HARVEY CEDARS — Hundreds of people went out in record heat Saturday for a chance to buy homemade crafts such as small airplanes made out of beer cans.
“It’s too hot for the beach,” said Harry McGuckin, 52, of Lambertville, Hunterdon County, while perusing booths at the annual Craft Day by the Bay at Sunset Park with his wife, Crystal, 43. “We have a 4-year-old, so it would have been too hot to sit on the sand all day.”
“And what fun would it be to spend your whole vacation inside?” Crystal McGuckin asked. “This is something enjoyable for us to do.”
But the McGuckins, repeat customers at Craft Day by the Bay, and other craft enthusiasts had a shorter window in which to wander through the tents of the approximately 100 crafters and artists in attendance Saturday, as the event was cut short by a couple hours due to temperatures that reached as high as 100 degrees.
“We are in a good location, because we’re right on the bay and have the constant breeze blowing through here. So it’s not as hot as it is in some other places,” said Roberta Giannone, director of Craft Day by the Bay. “But it’s too hot. It would have been unfair to keep going.”
The National Weather Service issued an excessive heat warning for Long Beach Island and the entire area Saturday.
But Giannone still called the juried, high-quality craft show a success.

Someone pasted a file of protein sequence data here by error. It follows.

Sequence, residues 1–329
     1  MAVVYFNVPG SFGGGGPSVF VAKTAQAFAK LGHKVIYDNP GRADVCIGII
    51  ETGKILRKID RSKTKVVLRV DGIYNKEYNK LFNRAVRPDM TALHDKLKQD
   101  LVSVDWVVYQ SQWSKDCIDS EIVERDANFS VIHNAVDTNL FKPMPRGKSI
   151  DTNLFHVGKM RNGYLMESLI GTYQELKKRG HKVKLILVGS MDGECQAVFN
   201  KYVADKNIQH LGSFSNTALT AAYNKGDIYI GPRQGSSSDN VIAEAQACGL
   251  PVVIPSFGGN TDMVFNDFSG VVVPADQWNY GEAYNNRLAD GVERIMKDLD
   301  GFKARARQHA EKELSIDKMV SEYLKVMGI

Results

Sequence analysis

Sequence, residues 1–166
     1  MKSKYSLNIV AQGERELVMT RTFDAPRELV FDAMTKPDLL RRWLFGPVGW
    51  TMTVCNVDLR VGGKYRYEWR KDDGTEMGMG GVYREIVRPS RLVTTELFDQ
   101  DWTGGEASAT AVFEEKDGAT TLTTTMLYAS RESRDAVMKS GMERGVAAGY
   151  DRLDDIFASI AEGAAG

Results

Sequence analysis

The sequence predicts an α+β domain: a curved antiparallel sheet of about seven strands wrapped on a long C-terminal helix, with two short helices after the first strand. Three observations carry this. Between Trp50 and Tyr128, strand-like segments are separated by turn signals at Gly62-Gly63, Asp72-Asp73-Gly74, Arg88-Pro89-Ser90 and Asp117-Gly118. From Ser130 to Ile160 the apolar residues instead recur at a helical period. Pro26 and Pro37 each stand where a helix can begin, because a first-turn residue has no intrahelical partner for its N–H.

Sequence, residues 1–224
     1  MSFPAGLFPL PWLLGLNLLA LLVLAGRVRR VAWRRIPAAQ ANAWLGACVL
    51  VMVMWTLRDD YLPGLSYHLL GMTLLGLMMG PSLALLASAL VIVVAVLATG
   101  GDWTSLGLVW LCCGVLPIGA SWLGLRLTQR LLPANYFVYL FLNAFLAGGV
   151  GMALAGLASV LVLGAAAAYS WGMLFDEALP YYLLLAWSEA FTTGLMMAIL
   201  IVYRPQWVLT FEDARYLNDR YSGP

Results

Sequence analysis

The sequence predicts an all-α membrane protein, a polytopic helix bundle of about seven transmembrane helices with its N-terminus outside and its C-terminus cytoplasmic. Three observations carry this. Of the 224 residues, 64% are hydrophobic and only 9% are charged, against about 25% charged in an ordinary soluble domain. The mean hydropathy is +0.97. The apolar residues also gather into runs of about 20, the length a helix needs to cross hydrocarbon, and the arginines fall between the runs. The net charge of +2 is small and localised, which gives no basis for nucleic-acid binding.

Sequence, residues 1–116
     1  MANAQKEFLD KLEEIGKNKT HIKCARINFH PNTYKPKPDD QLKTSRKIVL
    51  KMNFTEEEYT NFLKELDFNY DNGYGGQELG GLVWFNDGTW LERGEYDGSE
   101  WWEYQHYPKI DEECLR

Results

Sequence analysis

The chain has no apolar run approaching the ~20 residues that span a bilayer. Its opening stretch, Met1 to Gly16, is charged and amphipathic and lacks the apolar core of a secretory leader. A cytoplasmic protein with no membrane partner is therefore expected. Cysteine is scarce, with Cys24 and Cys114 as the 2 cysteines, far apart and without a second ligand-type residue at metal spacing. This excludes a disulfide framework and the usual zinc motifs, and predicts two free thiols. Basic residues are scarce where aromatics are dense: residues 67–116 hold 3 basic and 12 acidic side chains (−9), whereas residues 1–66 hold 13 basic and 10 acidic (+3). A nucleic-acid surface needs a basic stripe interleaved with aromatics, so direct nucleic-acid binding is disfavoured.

“Overall, we had a lighter turnout than normal. But we were heavier than expected in the morning, so people still made money and enjoyed themselves,” said Giannone, who added that the show has been held on Fourth of July weekend for almost two decades.
Steve and Anne Fortunak have been regulars at the craft show since they started making, then selling, their specialized crafts nine years ago.
Stationed between tents featuring intricate wood carvings and breathtaking artwork, the couple from the Beach Haven West section of Stafford Township surpassed their sales goal Saturday by selling more than four dozen of the small airplanes they made out of soda and beer cans.
“The heat is brutal and there are less people walking around, but we sold more than we expected,” Steve Fortunak said. “I guess we offer something unique enough that people who have bought from us in the past came back looking for us.”
But the Fortunaks pass a lot of the credit for their crafts along to others.
An uncle taught them how to make the airplanes, and they get help collecting the beer cans.
“We have a lot of wonderful neighbors,” Anne Fortunak said through a smile.
Craft Day by the Bay is typically the first show of the summer for Philadelphia-area pastel artist Tim Groshow.
“I’ve been coming here for about 15 years now because LBI has a terrific arts-and-crafts scene,” said Groshow, 49, who met his sales goal Saturday despite the heat. “And this is a great show because it attracts a lot of repeat customers. And it’s located close to the bay and the beach, which is also nice, especially on hot days like this.”
To escape the heat Saturday, Groshow and his 10-year-old daughter, Zoe, dipped their heads under the park’s outdoor showers.
“Today was fun because we sold a lot, so we got to buy a lot of things,” Zoe said. “But the showers were the best part.”
But even though heavy traffic heading onto Long Beach Island on Saturday was clearly not all heading to the craft show, some people — such as Harvey Cedars residents Amanda Everett, 17, and Jessica Finlayson, 15 — made sure to stop by on their way to cooler destinations.
“We just got out of work, and we wanted to stop and check out what they had here,” Everett said. “But the beach is definitely next.”
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